Project would result in loss of hundreds of boat slips
BY HELGA GENDELL
The Los Angeles County Department of Beaches and Harbors is seeking a master waterside coastal development permit in conjunction with six lessees for a proposed project that would result in the collective loss of 480 boat slips.
A presentation on the permit project was given to the county Small Craft Harbor Commission at a special night meeting July 13. County staff told the audience that a proposal for the Parcels 49/77 development has been rejected and is now off the table.
The Parcels 49/77 Project would have been located on Admiralty Way between Fiji and Mindanao Ways, and proposed a water-oriented commercial or mixed-use project with enhanced boater-serving facilities.
The Department of Beaches and Harbors, in conjunction with six Marina del Rey lessees, is acting collectively (referred to as applicant) for a master waterside coastal development permit (Master CDP) for Marina reconstruction.
The applicant is proposing to rebuild seven aging marinas. County officials said the current number of boat slips for the seven parcels is 1,826. Planned slips will total 1,346, resulting in a total loss of 480 slips.
Marina del Rey has 21 individual recreational marinas, most of which were built in the early 1960s and 1970s, according to county documentation.
Eight of these marinas have already been replaced: Parcel 12 — Esprit I, 2008; Parcel 13 — Villa del Mar, 1989; Parcel 18 — Dolphin, 1999; Parcel 20 — Panay Way, 2006; Parcel 54 — Windward Yacht Center, 1997; Parcel 111 — Marina Harbor, 2006; Parcel 112 — Marina Harbor, 2004; and Parcel 132 — California Yacht Club, 1985, states county documentation.
Seven more marinas — Parcel 8 (Bay Club); Parcel 10 (Neptune); Parcel 21 (Holiday Harbor); Parcels 42/43 (Marina del Rey Hotel); Parcel 44 (Pier 44); Parcel 47 (Anchorage 47); and Parcel 125R (Marina City Club Marina) have replacement plans, mostly in connection with lease extensions and redevelopment or renovation projects, as they have outlived their original life expectancy and require constant maintenance in order to remain operational, according to county documentation.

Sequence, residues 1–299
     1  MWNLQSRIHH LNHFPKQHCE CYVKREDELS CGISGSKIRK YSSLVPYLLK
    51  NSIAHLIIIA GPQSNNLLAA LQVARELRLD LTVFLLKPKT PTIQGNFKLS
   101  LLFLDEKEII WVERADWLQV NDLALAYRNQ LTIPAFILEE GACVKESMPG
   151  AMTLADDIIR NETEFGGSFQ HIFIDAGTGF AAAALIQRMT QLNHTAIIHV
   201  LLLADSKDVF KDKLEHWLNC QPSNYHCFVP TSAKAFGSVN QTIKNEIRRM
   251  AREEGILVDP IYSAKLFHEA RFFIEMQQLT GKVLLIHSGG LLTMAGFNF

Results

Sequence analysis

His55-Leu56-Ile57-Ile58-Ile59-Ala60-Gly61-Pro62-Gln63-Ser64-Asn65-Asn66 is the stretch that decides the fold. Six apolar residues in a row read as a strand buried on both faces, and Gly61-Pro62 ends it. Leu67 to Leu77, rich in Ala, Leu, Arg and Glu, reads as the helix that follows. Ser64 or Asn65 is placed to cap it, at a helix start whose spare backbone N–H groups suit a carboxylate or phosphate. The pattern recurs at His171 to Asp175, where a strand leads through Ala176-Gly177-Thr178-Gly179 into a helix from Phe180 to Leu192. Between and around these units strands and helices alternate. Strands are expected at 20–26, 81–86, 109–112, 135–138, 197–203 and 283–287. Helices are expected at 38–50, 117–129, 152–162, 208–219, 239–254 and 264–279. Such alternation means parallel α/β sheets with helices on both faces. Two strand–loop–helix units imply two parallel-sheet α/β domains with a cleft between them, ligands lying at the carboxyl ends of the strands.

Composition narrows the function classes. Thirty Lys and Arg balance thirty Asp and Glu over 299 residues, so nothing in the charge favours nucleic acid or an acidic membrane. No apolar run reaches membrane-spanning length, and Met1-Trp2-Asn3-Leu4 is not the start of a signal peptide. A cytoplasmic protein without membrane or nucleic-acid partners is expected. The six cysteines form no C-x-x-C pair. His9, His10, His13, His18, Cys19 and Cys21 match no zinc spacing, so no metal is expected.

Of the remaining six marinas, one marina (Parcel 15, Bar Harbor) already has regulatory approval for replacement, and one (Parcel 7, Tahiti Marina), will be replaced in approximately 10 years by-and-large with its current configuration.
The remaining marinas —Parcels 28, Mariner’s Bay; Parcel 30, Del Rey Yacht Club; Parcel 41, Catalina Yacht Anchorage; and Parcel 53, the Boatyard — have no near-term plans to rebuild and are being maintained in acceptable or better conditions, according to the county.
County officials said that reconstruction of marinas when they are obsolete or in poor condition is a significant step in maintaining the availability of recreational boating for the public, and that the seven marinas combined as the applicant were constructed between 1964 and 1972, comprising 58 percent of the oldest docks in Marina del Rey (those built /replaced pre-1980).